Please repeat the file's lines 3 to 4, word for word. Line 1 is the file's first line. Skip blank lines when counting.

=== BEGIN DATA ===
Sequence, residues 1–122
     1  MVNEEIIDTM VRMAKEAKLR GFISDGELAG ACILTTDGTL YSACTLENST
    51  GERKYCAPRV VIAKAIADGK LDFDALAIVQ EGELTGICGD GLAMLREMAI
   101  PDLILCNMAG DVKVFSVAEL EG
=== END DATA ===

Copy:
    51  GERKYCAPRV VIAKAIADGK LDFDALAIVQ EGELTGICGD GLAMLREMAI
   101  PDLILCNMAG DVKVFSVAEL EG